When we aren’t extricating ourselves from restaurants, we devour tourist attractions: Piazza Navona, the Pantheon, Fontana di Trevi, walking along cobblestone streets (they do exist!) until our feet are aching with weariness. The Vatican, the Spanish Steps, Piazza del Popolo, Trastevere. We drink pitchers of Nastro Azzuro, feast on pizza and pasta and gelato. We consume Rome on a super charged glycemic high.

We discover that Rome is vast and expansive, modern and crumbling, histrionic and complex. The men have weary put upon expressions like they are enduring their circumstances until their next bicciere de vino. The women by contrast are dramatic and high strung. We see gypsies clutching at strangers, imploring “ayudatame!”, well manicured women offended by approaching hawkers, outraged matrons shrieking at their taxi driver. 

In between our frantic sight seeing, we hunt down a lunch recommendation. We arrive at D’Augusto, not realizing we have stumbled onto a local’s best-kept secret. The one place Roman’s indulge on Sunday afternoon. We politely enquire if we can sit next to an older couple and they are almost forceful in their welcome. Sit. Eat. Enjoy. The gentleman to my left is bald and dressed in a blue velvet vest, a red silk tie and matching leather shoes. He rolls and smokes cigarette after cigarette, barely pausing between the brimming plates deposited on the table. When I ask him what’s good, he orders our entire meal – spicy chicken, potatoes, veal, rigatoni and lasagna. When he isn’t rattling off a rapid stream of Italian, he turns to us and grins. “The only good thing in Italy is la cucina. The rest is gone to shit. But the food.” He kisses his fingers and looks skyward. “Delicioso.”

Just like Rome, he's full with passion and vigor. I’ve found the chaos I was looking for.

London Calling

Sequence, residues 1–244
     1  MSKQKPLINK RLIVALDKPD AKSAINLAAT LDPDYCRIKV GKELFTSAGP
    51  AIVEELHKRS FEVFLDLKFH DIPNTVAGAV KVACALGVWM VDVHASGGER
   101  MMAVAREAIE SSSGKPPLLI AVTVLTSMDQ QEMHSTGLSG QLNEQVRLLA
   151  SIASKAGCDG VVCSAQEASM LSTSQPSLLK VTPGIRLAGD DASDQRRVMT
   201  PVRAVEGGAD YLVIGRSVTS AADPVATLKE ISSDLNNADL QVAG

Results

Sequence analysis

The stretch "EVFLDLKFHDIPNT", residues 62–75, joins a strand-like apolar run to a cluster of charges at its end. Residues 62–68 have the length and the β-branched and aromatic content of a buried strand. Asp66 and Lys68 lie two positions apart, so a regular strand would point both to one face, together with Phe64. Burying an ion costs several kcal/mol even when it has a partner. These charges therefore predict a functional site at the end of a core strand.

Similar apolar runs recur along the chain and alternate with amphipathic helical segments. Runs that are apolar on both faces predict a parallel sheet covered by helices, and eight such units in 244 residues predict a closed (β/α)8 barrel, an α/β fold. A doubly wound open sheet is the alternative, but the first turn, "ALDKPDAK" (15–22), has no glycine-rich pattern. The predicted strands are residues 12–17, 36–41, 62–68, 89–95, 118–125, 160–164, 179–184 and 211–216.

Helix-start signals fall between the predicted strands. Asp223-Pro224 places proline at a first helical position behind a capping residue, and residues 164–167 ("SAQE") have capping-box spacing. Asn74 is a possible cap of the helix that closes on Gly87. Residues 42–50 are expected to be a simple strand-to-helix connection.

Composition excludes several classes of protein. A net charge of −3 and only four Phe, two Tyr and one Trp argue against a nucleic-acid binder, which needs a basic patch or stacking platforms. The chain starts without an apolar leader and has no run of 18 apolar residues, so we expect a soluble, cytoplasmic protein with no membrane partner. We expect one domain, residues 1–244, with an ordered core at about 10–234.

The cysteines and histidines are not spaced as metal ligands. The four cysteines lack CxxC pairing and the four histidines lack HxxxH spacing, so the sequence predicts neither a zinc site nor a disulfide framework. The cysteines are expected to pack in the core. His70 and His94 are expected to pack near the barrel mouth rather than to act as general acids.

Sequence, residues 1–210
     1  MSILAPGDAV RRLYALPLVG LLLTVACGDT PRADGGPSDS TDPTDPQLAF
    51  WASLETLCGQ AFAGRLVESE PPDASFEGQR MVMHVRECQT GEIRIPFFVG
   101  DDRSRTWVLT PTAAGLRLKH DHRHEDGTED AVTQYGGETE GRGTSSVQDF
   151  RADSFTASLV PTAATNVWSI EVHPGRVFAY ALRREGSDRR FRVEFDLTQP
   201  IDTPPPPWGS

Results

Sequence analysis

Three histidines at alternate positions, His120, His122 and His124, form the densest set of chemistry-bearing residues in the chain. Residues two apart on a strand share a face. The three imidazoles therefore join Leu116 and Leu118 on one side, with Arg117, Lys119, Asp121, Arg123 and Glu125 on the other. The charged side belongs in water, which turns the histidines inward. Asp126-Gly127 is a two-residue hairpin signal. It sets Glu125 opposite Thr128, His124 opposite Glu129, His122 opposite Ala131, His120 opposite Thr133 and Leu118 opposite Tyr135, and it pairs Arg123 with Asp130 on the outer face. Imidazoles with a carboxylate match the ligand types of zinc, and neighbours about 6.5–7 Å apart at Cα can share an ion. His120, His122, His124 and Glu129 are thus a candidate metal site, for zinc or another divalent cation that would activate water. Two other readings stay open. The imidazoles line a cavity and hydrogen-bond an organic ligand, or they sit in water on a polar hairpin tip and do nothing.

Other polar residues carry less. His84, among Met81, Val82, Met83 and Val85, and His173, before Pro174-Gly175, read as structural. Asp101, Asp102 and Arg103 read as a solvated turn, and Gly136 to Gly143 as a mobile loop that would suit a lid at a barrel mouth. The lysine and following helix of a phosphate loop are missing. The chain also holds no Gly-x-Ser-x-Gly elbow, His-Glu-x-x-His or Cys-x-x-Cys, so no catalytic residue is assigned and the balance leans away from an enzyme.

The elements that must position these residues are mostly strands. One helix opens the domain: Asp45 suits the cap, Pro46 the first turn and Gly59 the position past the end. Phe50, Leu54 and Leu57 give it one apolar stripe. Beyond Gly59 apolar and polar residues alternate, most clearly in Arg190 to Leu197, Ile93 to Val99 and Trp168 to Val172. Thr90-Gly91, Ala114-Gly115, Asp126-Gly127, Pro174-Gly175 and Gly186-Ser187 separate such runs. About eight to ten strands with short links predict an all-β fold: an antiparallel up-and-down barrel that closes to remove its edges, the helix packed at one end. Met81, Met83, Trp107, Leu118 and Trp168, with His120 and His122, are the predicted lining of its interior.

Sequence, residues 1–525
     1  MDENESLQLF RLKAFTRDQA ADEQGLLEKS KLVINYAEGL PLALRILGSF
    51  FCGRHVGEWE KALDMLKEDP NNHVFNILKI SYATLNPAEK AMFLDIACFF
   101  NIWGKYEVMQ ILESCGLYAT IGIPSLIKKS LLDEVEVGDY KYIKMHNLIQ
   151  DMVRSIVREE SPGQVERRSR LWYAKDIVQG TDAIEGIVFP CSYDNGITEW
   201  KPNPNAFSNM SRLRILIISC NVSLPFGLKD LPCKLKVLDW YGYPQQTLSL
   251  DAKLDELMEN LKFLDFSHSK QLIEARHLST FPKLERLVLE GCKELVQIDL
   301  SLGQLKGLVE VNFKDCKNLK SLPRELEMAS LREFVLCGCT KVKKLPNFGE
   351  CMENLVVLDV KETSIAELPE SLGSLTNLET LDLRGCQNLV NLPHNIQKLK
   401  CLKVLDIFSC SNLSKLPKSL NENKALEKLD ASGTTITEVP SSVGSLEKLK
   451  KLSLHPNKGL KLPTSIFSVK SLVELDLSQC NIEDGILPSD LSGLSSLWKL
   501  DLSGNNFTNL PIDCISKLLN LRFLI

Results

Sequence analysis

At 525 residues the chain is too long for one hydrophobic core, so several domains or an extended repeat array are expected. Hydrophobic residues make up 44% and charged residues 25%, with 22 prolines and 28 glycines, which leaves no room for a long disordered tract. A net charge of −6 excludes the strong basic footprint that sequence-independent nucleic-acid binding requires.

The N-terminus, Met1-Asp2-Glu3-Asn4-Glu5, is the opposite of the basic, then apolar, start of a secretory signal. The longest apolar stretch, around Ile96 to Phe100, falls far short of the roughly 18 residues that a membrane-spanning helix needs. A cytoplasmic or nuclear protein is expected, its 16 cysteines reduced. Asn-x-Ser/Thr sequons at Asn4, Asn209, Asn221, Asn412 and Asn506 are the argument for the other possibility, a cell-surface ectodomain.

It’s common knowledge the British are plodding and apathetic. Their food is tedious, their weather grey, their culture insipid. Dull-eyed smokers cluster on street corners and commuters trudge from tube to office, their faces stamped with lassitude. In November a bitter wind whips around London and heavy mist curls in from the Thames. It’s an uninviting landscape. I’m here for work, ready to ward off pelting rain and curmudgeons. But I’m surprised when London doesn’t live up to its reputation.

Sure, the city is damp and overcast, the public transport over crowded. But if you take a moment to notice the people, you realize they’re actually nice. Everyone smiles at you, is ready to offer directions or recommendations. Is willing to give up their seat. An eighty-year-old man compliments my woolen hat, a sparkle of life in his wrinkled face. He blows kisses to his perfectly poised wife in the opposite seat. They are like high school sweet hearts.

Every cab driver greets you with “hello luv”, store clerks hand you change with a cheery “have a nice one”. I can still hear the lovely lilt of the English accent in my head. Maybe I see London differently because it almost feels like home. The color and texture of the British pound, the myriad candies and our common love for Will and Harry. The chatter and noise of London seems more relaxed than New York. 

Tahnee Perry In London

The cherry-red cabs and the fanciful facades of buildings lend it a whimsical air. A slight touch of unreality. The same way the Sydney Harbor Bridge juts unfeasibly from the bay.

Then you talk to the locals and they tell you to stay away from the blacks (they’re not joking), cab receipts warn you about rape and kidnapping, about nefarious men in alleyways and unmarked cars. Zebra crossings shout LOOK LEFT in neon yellow paint – as if every pedestrian is in danger of being run down by blind motorists. Maybe all the caution and safety measures allow Londoners the freedom to be nicer, or maybe that’s just politeness, an automatic reaction. Maybe they’re no different from their American counterparts – self absorbed and determined. But I’m a tourist in London and I don’t have time to dig that deep. So, I’ll delight in the polite exterior and the pleasantries and leave them a tip while I’m doing it.

The Creativity Delta

It’s easy to forget Mark King runs a $1.7 billion dollar company when he tells you his mother said he’d amount to nothing. Born to middle class parents in America’s Midwest, King had a love for sports – baseball, basketball, football and golf - which led to a scholarship at Northern Illinois University. King amounted to something indeed. He is the president of Adidas’ North American group and the former CEO and president of TaylorMade.


If you’re a golfer, you recognize the name immediately; you probably own one of their drivers. If you’re not, TaylorMade is a golf equipment company known for beating the established players at their own game using an audacious supply chain strategy and an abundance of creativity.